5 Incredible Women Who Are Leading The Way in Tech

Women may still be the minority in technology and we may hear about their accomplishments less often, but that doesn’t mean they aren’t out there crushing it on a daily basis. Despite the odds, these exceptional women have risen to the top of their industries and are actively paving the way for young women to follow in their footsteps.  Here are just a few of the many talented women in the tech industry and how they are leading the way in innovation.

Featured image: Bozoma Saint John, courtesy of Recode.

Bozoma Saint John

In June, Saint John transitioned from her role as one of Apple’s top executives to the chief brand officer at the seemingly ever-embattled Uber. She’s spent her career at a wide variety of globally recognized corporations and has worked incredibly hard to become one of the few black female C-suite executives in the technology industry.  (She’s also responsible for Beyoncé’s Super Bowl half-time performance a few years ago!) Though she’s only been at Uber for a few months, her successful resume highlights that she has the experience, skill and talent to redefine Uber’s brand for a better tomorrow.

Katherine Nammacher

photo credit: Silicon Valley Forum

Nammacher is the co-founder and CEO of a startup called RideAlong, a software tool that provides first responders with information about people with mental illness at the scene they’re responding to. Before they arrive to the scene, officers will be equipped with de-escalation techniques and service referral options; these help in building up trust between responders and the citizens they’re helping.  By using technology to specifically focus on a social issue, Nammacher is focusing on the importance of empathy in her work.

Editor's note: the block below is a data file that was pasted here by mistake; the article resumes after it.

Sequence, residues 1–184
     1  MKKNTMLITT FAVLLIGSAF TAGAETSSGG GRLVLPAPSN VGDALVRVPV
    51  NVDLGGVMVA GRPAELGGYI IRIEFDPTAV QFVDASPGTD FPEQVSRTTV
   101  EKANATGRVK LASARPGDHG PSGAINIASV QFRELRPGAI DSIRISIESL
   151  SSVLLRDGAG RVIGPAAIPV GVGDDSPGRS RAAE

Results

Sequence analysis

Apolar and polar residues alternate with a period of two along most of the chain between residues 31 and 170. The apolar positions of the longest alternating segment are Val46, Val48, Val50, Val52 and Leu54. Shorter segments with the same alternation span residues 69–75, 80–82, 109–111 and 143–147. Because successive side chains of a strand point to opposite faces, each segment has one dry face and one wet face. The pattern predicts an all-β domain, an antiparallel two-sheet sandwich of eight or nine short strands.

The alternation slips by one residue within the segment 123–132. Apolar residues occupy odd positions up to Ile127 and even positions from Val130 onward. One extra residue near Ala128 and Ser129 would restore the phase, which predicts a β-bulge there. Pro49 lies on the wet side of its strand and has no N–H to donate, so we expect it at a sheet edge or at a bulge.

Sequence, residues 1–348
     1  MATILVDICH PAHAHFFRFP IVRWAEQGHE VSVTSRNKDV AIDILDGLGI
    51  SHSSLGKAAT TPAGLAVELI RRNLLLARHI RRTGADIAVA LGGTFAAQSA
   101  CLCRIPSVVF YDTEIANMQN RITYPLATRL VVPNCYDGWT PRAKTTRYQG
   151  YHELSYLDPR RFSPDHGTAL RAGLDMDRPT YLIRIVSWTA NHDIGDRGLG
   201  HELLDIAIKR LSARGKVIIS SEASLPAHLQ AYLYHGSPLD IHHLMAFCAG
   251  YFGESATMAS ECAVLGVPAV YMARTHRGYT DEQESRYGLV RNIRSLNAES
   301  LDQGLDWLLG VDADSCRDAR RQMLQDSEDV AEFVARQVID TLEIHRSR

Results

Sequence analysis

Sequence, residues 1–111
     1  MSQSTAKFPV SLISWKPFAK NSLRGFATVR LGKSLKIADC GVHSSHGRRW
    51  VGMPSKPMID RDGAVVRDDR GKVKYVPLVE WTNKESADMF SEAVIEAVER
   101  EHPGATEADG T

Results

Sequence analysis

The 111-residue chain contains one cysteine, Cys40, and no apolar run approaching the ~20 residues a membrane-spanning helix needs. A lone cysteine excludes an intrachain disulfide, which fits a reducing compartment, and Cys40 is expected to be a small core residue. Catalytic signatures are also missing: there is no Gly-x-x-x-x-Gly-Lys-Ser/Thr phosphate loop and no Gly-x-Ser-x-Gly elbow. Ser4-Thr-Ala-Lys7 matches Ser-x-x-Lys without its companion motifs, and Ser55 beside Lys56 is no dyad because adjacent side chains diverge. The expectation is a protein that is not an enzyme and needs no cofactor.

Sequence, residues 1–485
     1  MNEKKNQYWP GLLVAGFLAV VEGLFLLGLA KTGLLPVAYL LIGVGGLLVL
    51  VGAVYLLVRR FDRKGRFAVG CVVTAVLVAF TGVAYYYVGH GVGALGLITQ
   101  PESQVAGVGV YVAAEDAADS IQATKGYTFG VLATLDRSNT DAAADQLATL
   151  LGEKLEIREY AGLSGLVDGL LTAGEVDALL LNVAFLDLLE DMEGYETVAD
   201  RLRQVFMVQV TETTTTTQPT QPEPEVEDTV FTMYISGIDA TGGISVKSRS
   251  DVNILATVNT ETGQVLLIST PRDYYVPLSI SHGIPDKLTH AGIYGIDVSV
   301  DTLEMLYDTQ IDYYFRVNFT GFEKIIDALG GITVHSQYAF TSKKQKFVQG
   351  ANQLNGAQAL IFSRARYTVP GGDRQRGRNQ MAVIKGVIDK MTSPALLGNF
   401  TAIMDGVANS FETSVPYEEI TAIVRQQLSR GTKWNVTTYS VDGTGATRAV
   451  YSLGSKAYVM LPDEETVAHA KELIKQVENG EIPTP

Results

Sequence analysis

Ayah Bdier

photo credit: PopTech

Bdeir founded her company, LittleBits Electronics, with the understanding that electronics are playing an increasingly larger role in our lives. But instead of the general population relying on a few inventors, LittleBits aims to give everyone the opportunity to create, whether they have engineering experience or not.  By encouraging children (especially young girls) to build the technology they’re playing with, LittleBits is inspiring a new generation of creative problem-solvers to look at the tech industry as a viable career option.

Kathryn Minshew

photo credit: Entrepreneur Magazine

Nobody knows how frustrating the job search can be other than Kathryn Minshew, who founded her company — The Muse — in response to her work experiences. If you haven’t heard of The Muse quite yet, it’s one of the best digital resources for working women.  You can use it to find a career coach, templates for business emails, interview prep guides and a lot more to help you become the professional you’ve always wanted to be. Minshew shows that it’s not just the engineers who have a place in the tech industry, content creators have a place there as well.

Gwynne Shotwell

photo credit: Via Satellite

Shotwell isn’t a household name (yet), but her last name is fitting considering her role at SpaceX — a tech company that designs, builds and launches rocket ships. Shotwell is the President of SpaceX and is also a literal rocket scientist. She not only runs one of the world’s most prominent aerospace engineering companies, but she’s consistently thinking towards the future and where the human race may (or may not) travel to. For now, SpaceX is planning to send a spacecraft to Mars in 2018, but who knows where they’ll be looking to in just a few years?  



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Alexandra Wilson

Alex Wilson is a freelance writer interested in fashion, lifestyle, and all forms of pop culture. Her writing has been featured in various digital and print publications, including USA Today and Long Island Pulse. When not writing, Alex can be found testing new recipes, exploring new neighborhoods, and window shopping. She hopes to someday travel to all seven continents (yes, even Antarctica).

1 Comment
  1. Emily Birling says:


    Are you happy to receive content similar to Alexandra Wilson’s piece, “5 Incredible Women Who Are Leading The Way in Tech” that you published in August?

    I’ve put together an animated infographic about female underrepresentation in the boardrooms of the top tech companies.

    I thought it might be of interest to your readers as it illustrates just how few women hold senior positions in companies that want to be seen as progressive.

    Would you be happy to take a look?

    Thanks very much for your time either way :)

    Best wishes,

    Emily Birling

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